Already a Bloomberg.com user?
Sign in with the same account.
(Updates with House bill on mortgage-backed securities and U.K. bank plans in Compliance Policy; Guillen and ex-IndyMac chief Perry in Courts; and Zachary in Interviews/Speeches.)
Dec. 15 (Bloomberg) -- A Senate panel approved a proposal to place restrictions on insider stock trading by members of Congress, as lawmakers seek to restore eroding public trust in Washington.
The Senate Homeland Security Committee, on a 7-2 vote, yesterday approved a measure that would explicitly ban lawmakers and their aides from using nonpublic information they receive as part of their legislative and oversight duties for personal gain. The legislation also would make clear that existing securities laws prohibiting insider trading apply to Congress.
Enacting such legislation, which Congress has considered before, took on added urgency after the CBS News program “60 Minutes” reported last month that members of Congress bought stock in companies during debates on legislation that might affect the businesses. None of the questioned investments was illegal, the report said.
The Senate measure combines bipartisan proposals. It directs ethics committees in the House and Senate to issue rules on insider trading and requires lawmakers to disclose their stock, commodities futures, bond and other transactions within 30 days.
The bill requires the Government Accountability Office to study the role of so-called political intelligence firms, which use their contacts in Washington to provide financial institutions with market-related information.
In the House, similar legislation is gaining bipartisan support, growing from nine cosponsors before the CBS report to more than 230 backers.
House’s Emerson Says Lawmakers Agree on SEC Budget for 2012
The U.S. Securities and Exchange Commission’s 2012 budget has been agreed upon by lawmakers negotiating over the federal spending plan, according to Representative Jo Ann Emerson, the Missouri Republican who leads the House panel responsible for the SEC’s outlay.
Emerson, who spoke in Washington yesterday at a U.S. Chamber of Commerce forum, declined to disclose specifics on the SEC budget, which is to be included in a $1 trillion bill to fund the government for the rest of the fiscal year. House and Senate leaders are trying to finish negotiations on that catchall bill before current federal funding expires Dec. 16.
The agency’s budget is more generous than the spending plan lawmakers have negotiated for the Commodity Futures Trading Commission, Emerson told reporters at the Chamber of Commerce event held to discuss its plan for reforming the SEC.
The CFTC’s 2012 budget was increased by $2.6 million to $205.3 million under an agreement signed into law last month. SEC Chairman Mary Schapiro has asked Congress to approve a $1.4 billion budget for 2012 as it implements new oversight duties under the Dodd-Frank financial-regulation law.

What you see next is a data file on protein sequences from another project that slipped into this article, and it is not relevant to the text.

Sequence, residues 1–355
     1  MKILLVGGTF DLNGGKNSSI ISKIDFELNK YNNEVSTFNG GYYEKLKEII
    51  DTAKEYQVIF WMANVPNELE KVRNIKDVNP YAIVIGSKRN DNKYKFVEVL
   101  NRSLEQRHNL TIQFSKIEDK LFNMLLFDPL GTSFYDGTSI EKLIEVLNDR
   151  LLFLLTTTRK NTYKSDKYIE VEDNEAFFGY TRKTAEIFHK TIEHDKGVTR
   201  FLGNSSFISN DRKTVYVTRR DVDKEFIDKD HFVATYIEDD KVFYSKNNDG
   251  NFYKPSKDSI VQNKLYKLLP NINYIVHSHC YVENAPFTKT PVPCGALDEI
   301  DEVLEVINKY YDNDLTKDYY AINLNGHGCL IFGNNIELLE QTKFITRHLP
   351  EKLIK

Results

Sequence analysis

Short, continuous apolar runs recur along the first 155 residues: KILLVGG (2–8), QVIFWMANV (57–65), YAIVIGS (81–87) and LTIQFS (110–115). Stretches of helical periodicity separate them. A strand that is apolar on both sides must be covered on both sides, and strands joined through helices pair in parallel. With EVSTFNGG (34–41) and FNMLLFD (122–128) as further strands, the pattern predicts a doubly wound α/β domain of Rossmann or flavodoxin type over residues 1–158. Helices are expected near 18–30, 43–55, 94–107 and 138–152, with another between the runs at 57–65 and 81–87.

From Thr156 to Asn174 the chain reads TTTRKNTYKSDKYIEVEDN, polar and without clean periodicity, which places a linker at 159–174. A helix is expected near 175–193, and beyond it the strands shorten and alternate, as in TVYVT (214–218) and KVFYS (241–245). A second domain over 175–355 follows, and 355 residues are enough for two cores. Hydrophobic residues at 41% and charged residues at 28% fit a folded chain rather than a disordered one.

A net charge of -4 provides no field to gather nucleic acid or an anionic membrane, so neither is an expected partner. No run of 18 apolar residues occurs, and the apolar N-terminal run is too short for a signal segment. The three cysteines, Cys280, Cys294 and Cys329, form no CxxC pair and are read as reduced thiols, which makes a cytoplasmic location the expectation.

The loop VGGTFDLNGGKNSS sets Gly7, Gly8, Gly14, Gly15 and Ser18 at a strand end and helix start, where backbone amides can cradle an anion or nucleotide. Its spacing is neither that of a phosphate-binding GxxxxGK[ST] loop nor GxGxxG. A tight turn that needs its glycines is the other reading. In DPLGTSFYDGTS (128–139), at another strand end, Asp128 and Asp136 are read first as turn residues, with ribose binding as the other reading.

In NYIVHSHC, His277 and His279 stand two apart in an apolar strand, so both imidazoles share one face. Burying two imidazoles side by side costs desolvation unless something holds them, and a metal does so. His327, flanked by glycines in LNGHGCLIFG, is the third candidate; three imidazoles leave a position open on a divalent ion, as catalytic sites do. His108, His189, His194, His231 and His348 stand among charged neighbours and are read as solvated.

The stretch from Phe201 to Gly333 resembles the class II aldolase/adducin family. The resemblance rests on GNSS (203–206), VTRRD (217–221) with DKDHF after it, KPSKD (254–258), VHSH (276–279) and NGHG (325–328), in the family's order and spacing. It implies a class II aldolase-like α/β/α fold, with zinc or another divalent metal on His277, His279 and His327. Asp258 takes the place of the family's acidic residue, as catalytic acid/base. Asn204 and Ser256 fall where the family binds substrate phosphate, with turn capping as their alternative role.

Both Emerson and Representative Scott Garrett, the New Jersey Republican who leads a House subcommittee that oversees SEC operations, said the agency shouldn’t be given more money without demonstrating it can make fundamental changes.
Separately, the U.S. Securities and Exchange Commission should hold off an overhaul of money-market fund rules until it assesses whether earlier changes are working, Republican Commissioner Dan Gallagher said yesterday at the conference.
Considering capital buffers and a floating net-asset value at this point “would be premature or possibly unnecessary,” Gallagher said, citing steps Schapiro has said the agency may take.
“I’m hesitant about any form of so-called capital requirement, whether it takes the form of a buffer or an actual capital requirement similar to those imposed on banks,” said Gallagher, who was installed as an SEC commissioner last month. “The level of capital that would be required to legitimately backstop the funds would effectively end the industry.”
Schapiro said last month that the SEC will soon propose revamping money-market fund rules in pursuit of “structural reform” in the $2.6 trillion industry.
Regulators are aiming to make the funds safer and more stable in response to the 2008 collapse of the Reserve Primary Fund. The SEC could approve rules without backing from Gallagher, one of two Republicans on the five-member commission.
House Panel Votes for Standards on Mortgage-Backed Securities
A U.S. House subcommittee advanced legislation that would require regulators to establish standards for mortgage-backed securities.
The Financial Services Committee’s Capital Markets panel voted 18-15 yesterday for the measure.
The requirement is part of a package of bills from House Republicans aimed at dismantling Fannie Mae and Freddie Mac, the mortgage-finance companies that have operated under U.S. conservatorship since they were seized in September 2008. The government-sponsored enterprises, which own or guarantee almost half of U.S. home loans, have drawn more than $170 billion from a Treasury Department lifeline.
The bills must win approval from the full Financial Services Committee before they can be considered by the House.
FSA Official Said to Meet Bankers on Euro Breakup Contingencies